By Chet Yarbrough
A Fine Mess (A Global Quest for A Simpler, Fairer, and More Efficient Tax System
By: T. R. Reid
Narrated by T. R. Reid
T. R. Reid is a reporter for the “Washington Post”. He is not an economist. However, he suggests there are more equitable ways of taxing the American public than presently used by the government.
Reid’s travels around the world investigating other countries tax systems are the basis for his theory for cleaning up America’s “…Fine Mess”. Sadly, Reid has a futile unrealistic attitude that the British characterized as pissing in the wind.
Reid suggests a tax overhaul is due in America. The last major revision was over 30 years ago. He argues a mess has been created by incremental tax changes that have greatly exacerbated the wealth gap in America. Reid illustrates the many ways in which the American tax system is a mess. An often-quoted factoid is “Warren Buffet is taxed at a lower rate than his secretary”.
There are many economists that would agree with Mr. Reid. The most famous is the French economist Thomas Piketty who wrote “Capital in the Twenty-First Century”.
Reid argues the U.S. has the highest corporate tax rate in the world but the lowest corporate taxes collected. Having the high rate and collecting it are two different things.
Reid notes corporations like Caterpillar, Apple, Microsoft and others spent millions of dollars to set up legal tax shelters that reduce corporate tax to single digits; to as low as zero for some.
Reid goes on to explain how billions of dollars are kept in corporate accounts outside of America to avoid taxation, and how that money is not repatriated to the U.S. because of current tax law.
(Ironically, during Trump’s administration, corporate rate was reduced from 35% to 21%; and continues to be a significantly uncollected tax.)
Reid persuasively argues that a tax overhaul should be made based on the principle of BBLR, a “Broad Based Low Rate” tax. The purpose of a tax overhaul would be to eliminate loopholes, broaden and reduce tax rates while equalizing citizen’ tax burden. Schemes for creating tax shelters would be eliminated.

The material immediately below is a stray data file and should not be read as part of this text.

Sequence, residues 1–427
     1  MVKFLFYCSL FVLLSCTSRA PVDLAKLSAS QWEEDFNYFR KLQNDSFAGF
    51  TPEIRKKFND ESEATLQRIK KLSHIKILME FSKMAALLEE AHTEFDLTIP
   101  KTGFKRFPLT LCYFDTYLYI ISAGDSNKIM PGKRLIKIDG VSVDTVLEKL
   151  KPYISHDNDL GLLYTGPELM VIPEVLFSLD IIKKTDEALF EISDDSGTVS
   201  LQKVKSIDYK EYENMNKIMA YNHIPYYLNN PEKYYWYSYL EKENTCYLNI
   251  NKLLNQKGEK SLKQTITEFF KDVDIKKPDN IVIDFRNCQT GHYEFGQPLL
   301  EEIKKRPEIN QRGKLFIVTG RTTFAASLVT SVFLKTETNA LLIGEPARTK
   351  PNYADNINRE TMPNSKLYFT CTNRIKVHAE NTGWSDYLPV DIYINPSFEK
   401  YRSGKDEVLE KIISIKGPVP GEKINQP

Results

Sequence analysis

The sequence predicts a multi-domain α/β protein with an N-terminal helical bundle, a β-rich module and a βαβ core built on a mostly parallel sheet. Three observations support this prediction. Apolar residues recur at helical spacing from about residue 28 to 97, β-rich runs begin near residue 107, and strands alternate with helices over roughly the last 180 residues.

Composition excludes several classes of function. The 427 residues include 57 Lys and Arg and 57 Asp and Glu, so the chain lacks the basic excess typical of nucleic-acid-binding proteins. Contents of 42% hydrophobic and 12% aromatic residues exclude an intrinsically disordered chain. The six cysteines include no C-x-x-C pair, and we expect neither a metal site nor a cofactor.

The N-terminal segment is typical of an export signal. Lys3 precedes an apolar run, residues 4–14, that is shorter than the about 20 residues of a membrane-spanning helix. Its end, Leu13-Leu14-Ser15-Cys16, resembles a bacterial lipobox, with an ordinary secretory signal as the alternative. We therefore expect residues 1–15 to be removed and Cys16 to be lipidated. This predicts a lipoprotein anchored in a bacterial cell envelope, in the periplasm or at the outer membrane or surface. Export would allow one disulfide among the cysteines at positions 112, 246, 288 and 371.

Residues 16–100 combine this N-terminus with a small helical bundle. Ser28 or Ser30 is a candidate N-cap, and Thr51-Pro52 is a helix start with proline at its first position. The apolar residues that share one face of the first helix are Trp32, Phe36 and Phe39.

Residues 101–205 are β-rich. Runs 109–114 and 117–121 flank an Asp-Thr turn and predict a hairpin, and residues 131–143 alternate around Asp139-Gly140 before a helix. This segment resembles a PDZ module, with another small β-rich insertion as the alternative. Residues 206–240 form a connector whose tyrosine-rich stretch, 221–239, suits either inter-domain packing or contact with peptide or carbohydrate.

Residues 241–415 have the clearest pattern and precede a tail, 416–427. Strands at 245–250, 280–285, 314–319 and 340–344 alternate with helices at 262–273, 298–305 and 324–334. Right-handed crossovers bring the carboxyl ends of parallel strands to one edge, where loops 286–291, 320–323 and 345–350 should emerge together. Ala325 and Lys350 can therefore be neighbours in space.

As is widely known, millions of dollars are spent by American citizens and corporations to file tax returns.
Preparing and paying taxes is laborious and confusing task for many Americans. Even basic tax return filings are difficult for many American citizens to complete. How many do not file because of that difficulty? Some buy software to file taxes. Add to software purchases and there is only growing tax-preparation costs to file for others. Those costs are borne by individual tax payers. The expense of our inefficient, and inequitable tax system multiplies geometrically when you add corporation efforts to avoid taxes.
America’s taxing inequity is glaring. Millions of dollars are spent to avoid taxation through creation of tax shelters. The formation of these shelters costs millions in lawyer, tax consultant, and auditing fees but save billions of dollars for corporations and the super-wealthy who legally (sometimes illegally) reduce taxable income.
Reid’s point is that America’s “…Fine Mess” can be made simpler, fairer, and more efficient by creating a completely new tax system. He suggests the corporate tax might be eliminated and replaced by a flat rate with no loopholes.
Reid argues for a “Value Added Tax”. A VAT would be a combination of local taxes and federal taxes on all consumable goods.